Review: Cabaret by Kander and Ebb, Norwich Theatre Royal

Review: Cabaret by Kander and Ebb, Norwich Theatre Royal, until September 22

Cabaret is one of the great musicals. Not only does it have spectacular musical numbers but it is also a show of real substance offering audiences something to think about as it gives us a conducted tour of a decadent Berlin during the early 1930s.

In many ways it offers us three shows in one. On the surface we have the recreation of the KitKat club presided over by the grotesque Emcee, the second is the tragic story of English cabaret performer Sally Bowles and finally there’s Cliff Bradshaw’s outsider’s view of the rise of Nazi Germany.

The three elements combine with a stonking score to provide us with a show of real substance – a show which can withstand real scrutiny, repeated viewings and any number of varied interpretations.

The latest reworking, currently wowing capacity audiences at the Theatre Royal Norwich, stars Will Young and Michelle Ryan and will be heading into the West End on October 3. The show has been startlingly imagined by director Rufus Norris as beds, cages and ladders sweep across the stage, virtually doing a dance, as the characters perform in a twilight world telling us how Germany is changing.

Cabaret works because it is a show about people rather than spectacle. It’s a dark show but also a hugely engaging one. We care about what happens to the characters we meet.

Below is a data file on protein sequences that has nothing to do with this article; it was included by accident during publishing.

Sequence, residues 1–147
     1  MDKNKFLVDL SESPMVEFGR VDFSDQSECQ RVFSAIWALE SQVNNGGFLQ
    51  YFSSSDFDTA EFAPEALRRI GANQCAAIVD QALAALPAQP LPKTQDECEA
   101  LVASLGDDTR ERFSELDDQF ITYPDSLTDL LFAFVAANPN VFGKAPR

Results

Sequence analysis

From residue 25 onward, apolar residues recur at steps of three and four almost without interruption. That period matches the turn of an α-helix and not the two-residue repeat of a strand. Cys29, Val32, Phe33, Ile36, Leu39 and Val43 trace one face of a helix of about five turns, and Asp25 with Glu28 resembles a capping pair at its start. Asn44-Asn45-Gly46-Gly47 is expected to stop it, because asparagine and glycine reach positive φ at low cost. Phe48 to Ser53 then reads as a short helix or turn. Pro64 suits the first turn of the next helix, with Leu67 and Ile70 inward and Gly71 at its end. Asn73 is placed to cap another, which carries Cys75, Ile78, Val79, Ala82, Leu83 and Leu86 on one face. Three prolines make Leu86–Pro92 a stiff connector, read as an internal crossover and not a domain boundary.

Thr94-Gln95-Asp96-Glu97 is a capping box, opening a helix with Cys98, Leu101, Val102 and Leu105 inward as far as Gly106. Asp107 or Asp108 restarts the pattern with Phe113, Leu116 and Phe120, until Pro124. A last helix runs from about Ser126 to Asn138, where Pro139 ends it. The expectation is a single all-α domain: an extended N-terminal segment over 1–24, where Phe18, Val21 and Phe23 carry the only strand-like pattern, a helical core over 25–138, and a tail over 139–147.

Will Young has tremendous stage presence as the white-faced Emcee. At the start of the show, he provides us with a visual reminder of the show’s origins – Christopher Isherwood’s novel I Am A Camera – as he emerges from the letter ‘O’ in the word Wilkommen. The ‘O’ has been set up to resemble a camera lens.

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Although the Emcee functions as a guide through the story, Will invests the character ,not only with lashings of eccentricity, but with some welcome flashes of vulnerability.

Michelle Ryan successfully steps out of Liza Minnelli’s vast shadow to create a flighty, needy Sally Bowles who appears to be on the run from a stifling home counties life. She yearns for freedom but what is it that she really wants? Michelle skilfully brings out Sally’s real tragedy – her inability to emotionally commit to anything or anyone.

Sian Phillips makes a touching Fraulein Schneider, who has is forced to choose between her room-renting business and her love for Jewish greengrocer Herr Schultz, played with tender understatement by Linal Haft.

It’s a terrific re-imagining of a stunning show which will undoubtedly grow more nuanced as it settles into its London run. The highlight for me was the chilling Tomorrow Belongs To Me with the Emcee as a grotesque puppeteer.

The only slight niggles I had were that Michelle Ryan needs to have more confidence in her vocals and Cliff’s bi-sexuality is given more prominence than in previous productions and I’m not sure that helps the Cliff/Sally elements of the story. But these are only minor quibbles. Cabaret remains a stunning, moving piece of musical theatre.

Andrew Clarke

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